Ø      Drigg would be susceptible to flooding, in particular the railway which could result in problems with communication and the evacuation and movement of local people

Ø      The area was not ideal for adding more waste.

Ø      The whole of Britain’s coast was subject to rising tides.

Ø      Waste from nuclear plants would need to be treated and Sellafield and Drigg were the only locations to store the waste and that was a national problem.

Ø      There was no planning for the future in the report.

Ø      At present, the site had long term waste to store and the waste processed at Sellafield originated from all around the world therefore, the problem needed to be addressed on a global scale.

Ø      Drigg needed to be assessed for leakages

Ø      He questioned whether the LLWR had contingency plans in place if tides rose faster than that which had been modelled.

Ø      He expressed concern about what would happen if no further LLWR sites were developed in the future.




Mr Richard Cummings, Head of Science at the LLWR responded to the points raised by the Objectors as follows:


Ø      The LLWR repository only accepted low level waste, as stipulated by Government policy.

Ø      Drigg was the only national facility so there was a clear need for it and it was the key enabler for decommissioning.

Ø      LLWR  had consulted with the County Council on the proposal for a number of years and the disposal of waste would be undertaken, taking all monitoring and controls into consideration.

Ø      Capping of the trenches and vaults would give protection to local people and the environment.

Ø      There had been no objections to the proposal from statutory consultees.

Ø      The LLWR had demonstrated  in the past that it would undertake construction without significant impact to the local area

Ø      The LLWR worked with local residents and believed that there was support in the area for the proposal.

Ø      There would be socio economic benefits as construction jobs would be allocated to local small and medium term enterprises.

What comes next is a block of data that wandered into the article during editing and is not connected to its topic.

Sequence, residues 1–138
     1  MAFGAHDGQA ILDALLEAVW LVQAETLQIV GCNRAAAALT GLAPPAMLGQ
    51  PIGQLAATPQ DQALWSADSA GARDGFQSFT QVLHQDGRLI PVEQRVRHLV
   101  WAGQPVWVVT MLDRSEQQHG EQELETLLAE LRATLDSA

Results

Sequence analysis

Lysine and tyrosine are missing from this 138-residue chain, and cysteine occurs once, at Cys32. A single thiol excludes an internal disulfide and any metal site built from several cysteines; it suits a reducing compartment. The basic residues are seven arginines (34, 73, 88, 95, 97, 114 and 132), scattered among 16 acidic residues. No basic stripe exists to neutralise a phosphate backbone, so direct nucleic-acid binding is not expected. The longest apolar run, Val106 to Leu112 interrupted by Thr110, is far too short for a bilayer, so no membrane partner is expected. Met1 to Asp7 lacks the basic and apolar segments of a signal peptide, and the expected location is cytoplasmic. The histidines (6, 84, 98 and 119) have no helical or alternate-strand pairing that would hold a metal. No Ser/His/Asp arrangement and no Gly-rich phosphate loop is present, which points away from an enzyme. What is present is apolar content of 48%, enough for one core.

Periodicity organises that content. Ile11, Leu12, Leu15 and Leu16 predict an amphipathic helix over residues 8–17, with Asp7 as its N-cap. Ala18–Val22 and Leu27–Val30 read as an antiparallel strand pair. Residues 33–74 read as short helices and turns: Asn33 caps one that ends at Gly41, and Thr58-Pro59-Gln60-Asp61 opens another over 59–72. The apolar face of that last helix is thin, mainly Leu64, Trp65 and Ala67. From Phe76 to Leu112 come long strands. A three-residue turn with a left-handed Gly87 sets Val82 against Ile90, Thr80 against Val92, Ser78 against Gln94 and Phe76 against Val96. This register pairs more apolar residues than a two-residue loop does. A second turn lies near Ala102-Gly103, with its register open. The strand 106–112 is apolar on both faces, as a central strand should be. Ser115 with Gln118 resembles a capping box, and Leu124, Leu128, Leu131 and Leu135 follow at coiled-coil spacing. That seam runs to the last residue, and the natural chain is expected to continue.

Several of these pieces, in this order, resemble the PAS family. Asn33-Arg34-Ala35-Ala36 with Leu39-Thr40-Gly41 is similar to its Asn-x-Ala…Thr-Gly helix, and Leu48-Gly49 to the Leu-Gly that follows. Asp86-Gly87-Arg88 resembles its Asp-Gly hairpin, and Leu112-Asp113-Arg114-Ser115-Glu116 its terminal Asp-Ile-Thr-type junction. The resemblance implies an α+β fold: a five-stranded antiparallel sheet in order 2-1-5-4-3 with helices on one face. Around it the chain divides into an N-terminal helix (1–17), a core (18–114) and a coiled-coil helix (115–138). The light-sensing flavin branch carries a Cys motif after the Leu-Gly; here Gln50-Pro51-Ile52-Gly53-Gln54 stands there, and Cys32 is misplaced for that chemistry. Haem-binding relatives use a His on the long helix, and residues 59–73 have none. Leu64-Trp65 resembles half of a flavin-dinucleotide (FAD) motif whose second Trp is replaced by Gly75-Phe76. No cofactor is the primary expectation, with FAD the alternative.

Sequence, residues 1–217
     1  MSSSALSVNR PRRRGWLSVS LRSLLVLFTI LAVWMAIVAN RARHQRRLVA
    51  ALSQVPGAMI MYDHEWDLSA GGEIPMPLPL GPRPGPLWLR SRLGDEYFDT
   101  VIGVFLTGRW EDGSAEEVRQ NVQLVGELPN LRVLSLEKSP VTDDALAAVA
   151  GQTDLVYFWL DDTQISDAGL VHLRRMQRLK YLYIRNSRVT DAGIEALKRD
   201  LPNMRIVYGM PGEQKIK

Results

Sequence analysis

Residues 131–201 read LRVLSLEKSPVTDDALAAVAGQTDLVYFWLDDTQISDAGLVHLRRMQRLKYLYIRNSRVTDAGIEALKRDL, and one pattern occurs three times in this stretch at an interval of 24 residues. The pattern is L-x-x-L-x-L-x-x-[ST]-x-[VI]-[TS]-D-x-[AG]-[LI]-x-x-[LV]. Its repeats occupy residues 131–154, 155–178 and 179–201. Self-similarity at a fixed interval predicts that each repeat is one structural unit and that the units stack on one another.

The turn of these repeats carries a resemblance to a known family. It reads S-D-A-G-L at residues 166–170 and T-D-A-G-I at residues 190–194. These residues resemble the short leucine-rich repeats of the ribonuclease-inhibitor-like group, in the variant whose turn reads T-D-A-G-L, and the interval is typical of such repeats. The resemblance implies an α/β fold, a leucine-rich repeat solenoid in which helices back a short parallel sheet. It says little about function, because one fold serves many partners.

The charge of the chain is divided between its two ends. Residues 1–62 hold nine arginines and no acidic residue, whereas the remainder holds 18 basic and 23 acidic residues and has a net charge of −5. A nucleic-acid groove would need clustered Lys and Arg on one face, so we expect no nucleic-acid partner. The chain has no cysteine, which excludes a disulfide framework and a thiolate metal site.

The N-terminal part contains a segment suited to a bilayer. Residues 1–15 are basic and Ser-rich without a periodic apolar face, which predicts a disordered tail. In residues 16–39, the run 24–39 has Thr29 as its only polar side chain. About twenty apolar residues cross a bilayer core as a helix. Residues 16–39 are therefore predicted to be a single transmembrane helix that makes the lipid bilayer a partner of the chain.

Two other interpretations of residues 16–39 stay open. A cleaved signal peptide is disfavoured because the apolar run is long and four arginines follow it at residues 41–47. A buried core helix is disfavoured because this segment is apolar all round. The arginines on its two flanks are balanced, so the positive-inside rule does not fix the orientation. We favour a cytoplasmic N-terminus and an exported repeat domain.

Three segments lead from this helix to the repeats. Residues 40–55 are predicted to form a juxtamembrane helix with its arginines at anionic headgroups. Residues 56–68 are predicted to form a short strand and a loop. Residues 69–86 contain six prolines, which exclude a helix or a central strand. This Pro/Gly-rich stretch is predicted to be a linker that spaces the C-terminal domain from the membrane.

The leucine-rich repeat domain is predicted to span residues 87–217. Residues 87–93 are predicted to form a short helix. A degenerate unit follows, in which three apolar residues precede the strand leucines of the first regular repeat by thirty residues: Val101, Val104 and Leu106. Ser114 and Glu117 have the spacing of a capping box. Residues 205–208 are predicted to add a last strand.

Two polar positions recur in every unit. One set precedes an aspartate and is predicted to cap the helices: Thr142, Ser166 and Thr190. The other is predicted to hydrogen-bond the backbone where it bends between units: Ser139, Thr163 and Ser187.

Ø      The nuclear industry was not out of control as it was highly regulated. The safety case was regularly reviewed and the Environment Agency had stated that the LLWR met its stringent requirements.

Ø      A request was made that the application be approved so that the LLWR could carry on its work and cap the trenches and vaults to provide protection for people now and in the future.


The Chairman asked for questions from members to both the Objectors and Applicant.


A member was concerned about changing weather patterns, referencing three flooding events in Cumbria and whether provision had been made for climate change. He also questioned whether plans were in place to avoid congestion and delays on the County’s roads if there was an accident involving vehicles carrying nuclear waste and if there were an accident on the rail route, such as Arnside viaduct, where the waste would go. The Applicant explained that Drigg was located in Flood Zone 1 and sat in an open valley and estuarine location which could accommodate extensive surcharges of water from three local rivers and therefore would not flood. There were arrangements in place to respond to an accident.


A member requested confirmation that no waste was released into local rivers and into the sea. The Applicant advised that very low level leachate was collected from the vault and site and was released two kilometres out at sea.


Locking the gate on Drigg was not considered to be an option for one member as he considered that waste had been well managed since 1988, therefore Mrs Birkby was asked where she would store waste if not at Drigg. Mrs Birkby clarified that no new waste should be brought to Drigg rather than locking the gate and walking away from the waste already there. She referred to safety concerns regarding fires and waste leaking from the site. Another member considered the site to be fit for purpose and commented on another site which had been decommissioned. Ms Birkby  considered that decommissioning was not a positive action and referred to the waste hierarchy. She stated that she would rather leave the waste at Sellafield and not bring it into the wider environment.


The impact of rising high tides and the potential for a tsunami such as that which affected the Fukushima nuclear plant was raised. The Applicant stated that Drigg was 15 metres above sea level and modelling of tsunamis in the Irish Sea had been undertaken and concluded large waves would not occur given the location of Ireland in relation to the site. He confirmed that no tidal surge would reach 15 metres above sea level to the site.